Will you tell the House what you were thinking about, Mr. Speaker. No? I am disappointed, Sir. I shall have to answer the question.
The latest estimate for the addtional defence costs, to be spread over several years, is that they are expected to be of the order of £2½ billion.
However, I expect the bulk of these costs to be covered by cash contributions generously pledged by other Governments. In particular, although the Ministry of Defence's expenditure in 1991–92 is likely to be about £1½ billion above its planned level, I do not expect any significant net claim on the public expenditure reserve in the current financial year. Total cash contributions made or pledged by other Governments now total £2 billion, including the recent most generous pledge—which I am pleased to confirm and welcome—from the Government of Saudi Arabia of $1 billion.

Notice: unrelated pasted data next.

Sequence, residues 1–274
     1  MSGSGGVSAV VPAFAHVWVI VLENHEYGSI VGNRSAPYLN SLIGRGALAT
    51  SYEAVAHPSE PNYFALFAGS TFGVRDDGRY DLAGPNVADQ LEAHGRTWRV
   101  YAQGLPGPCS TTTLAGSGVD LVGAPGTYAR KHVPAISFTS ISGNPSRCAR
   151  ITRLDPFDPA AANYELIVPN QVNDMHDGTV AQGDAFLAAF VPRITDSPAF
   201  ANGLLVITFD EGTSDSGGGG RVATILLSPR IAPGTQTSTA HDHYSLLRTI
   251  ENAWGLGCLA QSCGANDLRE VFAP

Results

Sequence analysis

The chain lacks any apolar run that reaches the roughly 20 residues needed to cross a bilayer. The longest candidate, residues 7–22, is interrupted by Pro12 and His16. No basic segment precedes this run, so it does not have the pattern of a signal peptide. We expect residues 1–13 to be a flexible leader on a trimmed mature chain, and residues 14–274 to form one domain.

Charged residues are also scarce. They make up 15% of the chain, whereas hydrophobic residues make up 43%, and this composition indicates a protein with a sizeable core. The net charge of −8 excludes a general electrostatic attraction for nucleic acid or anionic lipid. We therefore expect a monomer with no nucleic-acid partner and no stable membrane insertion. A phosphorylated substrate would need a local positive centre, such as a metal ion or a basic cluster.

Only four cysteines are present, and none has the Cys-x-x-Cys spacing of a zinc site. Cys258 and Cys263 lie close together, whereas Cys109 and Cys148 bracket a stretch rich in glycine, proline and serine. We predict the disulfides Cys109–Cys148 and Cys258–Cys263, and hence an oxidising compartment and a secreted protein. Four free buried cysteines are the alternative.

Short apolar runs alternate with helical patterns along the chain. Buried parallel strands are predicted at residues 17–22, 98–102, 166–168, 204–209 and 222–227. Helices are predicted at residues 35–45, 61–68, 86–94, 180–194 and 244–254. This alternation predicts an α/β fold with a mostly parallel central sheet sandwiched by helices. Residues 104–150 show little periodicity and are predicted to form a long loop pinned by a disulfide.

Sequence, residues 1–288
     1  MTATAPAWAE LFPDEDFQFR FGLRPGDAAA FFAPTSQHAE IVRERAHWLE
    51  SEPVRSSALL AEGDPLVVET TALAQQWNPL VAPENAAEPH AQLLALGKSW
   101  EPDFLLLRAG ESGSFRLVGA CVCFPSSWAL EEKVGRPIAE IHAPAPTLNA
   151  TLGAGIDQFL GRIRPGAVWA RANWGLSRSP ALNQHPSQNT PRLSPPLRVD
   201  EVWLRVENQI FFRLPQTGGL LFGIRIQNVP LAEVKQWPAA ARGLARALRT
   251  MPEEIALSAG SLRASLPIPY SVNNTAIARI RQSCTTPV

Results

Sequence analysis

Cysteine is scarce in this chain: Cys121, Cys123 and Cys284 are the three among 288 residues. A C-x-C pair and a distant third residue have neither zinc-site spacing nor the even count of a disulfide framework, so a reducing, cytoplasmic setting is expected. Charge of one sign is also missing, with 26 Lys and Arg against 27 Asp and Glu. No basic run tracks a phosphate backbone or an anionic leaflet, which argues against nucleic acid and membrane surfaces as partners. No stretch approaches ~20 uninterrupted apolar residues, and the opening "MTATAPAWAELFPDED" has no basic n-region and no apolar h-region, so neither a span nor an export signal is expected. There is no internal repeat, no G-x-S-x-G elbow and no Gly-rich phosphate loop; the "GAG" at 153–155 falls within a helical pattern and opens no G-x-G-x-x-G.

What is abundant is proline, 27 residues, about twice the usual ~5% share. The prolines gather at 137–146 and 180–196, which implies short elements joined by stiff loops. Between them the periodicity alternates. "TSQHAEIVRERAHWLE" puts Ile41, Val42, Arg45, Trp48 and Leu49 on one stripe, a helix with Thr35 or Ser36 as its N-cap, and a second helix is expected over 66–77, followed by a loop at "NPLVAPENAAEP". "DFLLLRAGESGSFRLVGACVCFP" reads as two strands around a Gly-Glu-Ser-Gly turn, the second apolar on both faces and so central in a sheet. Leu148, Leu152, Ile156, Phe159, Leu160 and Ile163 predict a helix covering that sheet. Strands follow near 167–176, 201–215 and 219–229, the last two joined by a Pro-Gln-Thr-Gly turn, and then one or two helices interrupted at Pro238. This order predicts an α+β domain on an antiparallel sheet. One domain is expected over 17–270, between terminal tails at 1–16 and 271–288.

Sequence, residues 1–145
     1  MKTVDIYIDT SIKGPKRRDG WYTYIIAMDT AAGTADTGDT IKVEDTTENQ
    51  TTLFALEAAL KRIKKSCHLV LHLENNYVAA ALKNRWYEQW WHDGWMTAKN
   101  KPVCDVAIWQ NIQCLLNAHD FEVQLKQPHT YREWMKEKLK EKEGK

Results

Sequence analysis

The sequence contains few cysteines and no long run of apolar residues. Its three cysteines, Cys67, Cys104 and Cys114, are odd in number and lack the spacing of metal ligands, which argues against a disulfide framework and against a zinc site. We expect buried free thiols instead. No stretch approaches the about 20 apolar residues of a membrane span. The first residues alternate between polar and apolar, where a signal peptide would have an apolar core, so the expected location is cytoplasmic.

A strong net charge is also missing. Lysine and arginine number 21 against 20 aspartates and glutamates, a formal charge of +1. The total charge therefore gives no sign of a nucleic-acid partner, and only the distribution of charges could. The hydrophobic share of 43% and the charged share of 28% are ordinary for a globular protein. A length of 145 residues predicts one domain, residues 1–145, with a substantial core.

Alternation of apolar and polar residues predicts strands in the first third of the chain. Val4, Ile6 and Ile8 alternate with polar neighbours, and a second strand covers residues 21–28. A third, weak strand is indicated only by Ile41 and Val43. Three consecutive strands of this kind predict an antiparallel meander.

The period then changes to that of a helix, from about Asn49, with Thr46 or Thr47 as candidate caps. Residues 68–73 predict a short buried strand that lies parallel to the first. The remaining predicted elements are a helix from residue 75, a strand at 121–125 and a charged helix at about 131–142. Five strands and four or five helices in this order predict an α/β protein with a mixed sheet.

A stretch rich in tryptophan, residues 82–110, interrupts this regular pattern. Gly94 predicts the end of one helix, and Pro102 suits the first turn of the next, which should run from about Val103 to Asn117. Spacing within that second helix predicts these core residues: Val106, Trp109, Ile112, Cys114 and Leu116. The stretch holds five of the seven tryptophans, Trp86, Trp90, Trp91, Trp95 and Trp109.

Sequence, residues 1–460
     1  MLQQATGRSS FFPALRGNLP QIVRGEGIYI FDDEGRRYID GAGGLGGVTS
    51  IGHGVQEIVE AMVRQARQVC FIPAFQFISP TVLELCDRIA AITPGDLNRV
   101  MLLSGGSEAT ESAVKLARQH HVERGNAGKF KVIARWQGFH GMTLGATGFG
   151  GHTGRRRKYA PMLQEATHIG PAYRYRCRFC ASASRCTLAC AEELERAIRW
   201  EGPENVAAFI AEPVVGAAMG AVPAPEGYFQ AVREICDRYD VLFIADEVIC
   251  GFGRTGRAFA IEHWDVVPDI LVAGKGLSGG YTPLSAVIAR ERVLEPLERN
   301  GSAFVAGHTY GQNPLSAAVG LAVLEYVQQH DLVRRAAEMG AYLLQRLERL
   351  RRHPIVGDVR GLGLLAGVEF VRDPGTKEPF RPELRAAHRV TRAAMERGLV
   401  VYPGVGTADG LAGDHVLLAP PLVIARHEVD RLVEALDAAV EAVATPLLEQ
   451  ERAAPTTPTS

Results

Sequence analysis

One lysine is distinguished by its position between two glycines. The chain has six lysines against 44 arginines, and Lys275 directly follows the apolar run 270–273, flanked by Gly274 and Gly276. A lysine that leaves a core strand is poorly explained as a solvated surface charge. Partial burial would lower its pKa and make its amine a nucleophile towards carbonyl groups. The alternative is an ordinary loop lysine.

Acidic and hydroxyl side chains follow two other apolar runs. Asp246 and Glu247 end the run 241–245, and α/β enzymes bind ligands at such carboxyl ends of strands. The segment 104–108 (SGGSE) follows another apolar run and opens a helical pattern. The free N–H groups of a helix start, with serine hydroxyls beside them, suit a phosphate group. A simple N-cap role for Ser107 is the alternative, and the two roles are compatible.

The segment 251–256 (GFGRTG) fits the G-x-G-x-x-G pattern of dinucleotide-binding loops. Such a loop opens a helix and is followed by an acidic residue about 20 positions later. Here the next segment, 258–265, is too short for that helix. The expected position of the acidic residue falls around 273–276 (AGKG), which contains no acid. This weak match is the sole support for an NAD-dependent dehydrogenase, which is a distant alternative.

I apologise to the Minister for not having brought the report to his attention earlier. I had to check it because it was so incredible. Given the wealth that is going up in flames, does not the Treasury agree that it is beyond belief that Red Adair is complaining that he cannot get six bulldozers? He asked for a minimum of eight, but only two work. He is threatening to pull out. Do not the British Government have some responsibility— [HON. MEMBERS: "No."] Well, they do. Do not the British Government have some responsibility; should not they say to the Kuwaitis that, with such wealth being lost, they should do something about tackling the fires, as that will grow more difficult as times goes on?
As always, the hon. Gentleman is courteous in phrasing his questions. As he knows, I have no responsibility for that matter. I shall draw it to the attention of the Foreign Office. No doubt, if there is anything in it, it will be looked at. This is not a part of the British Government's responsibilities.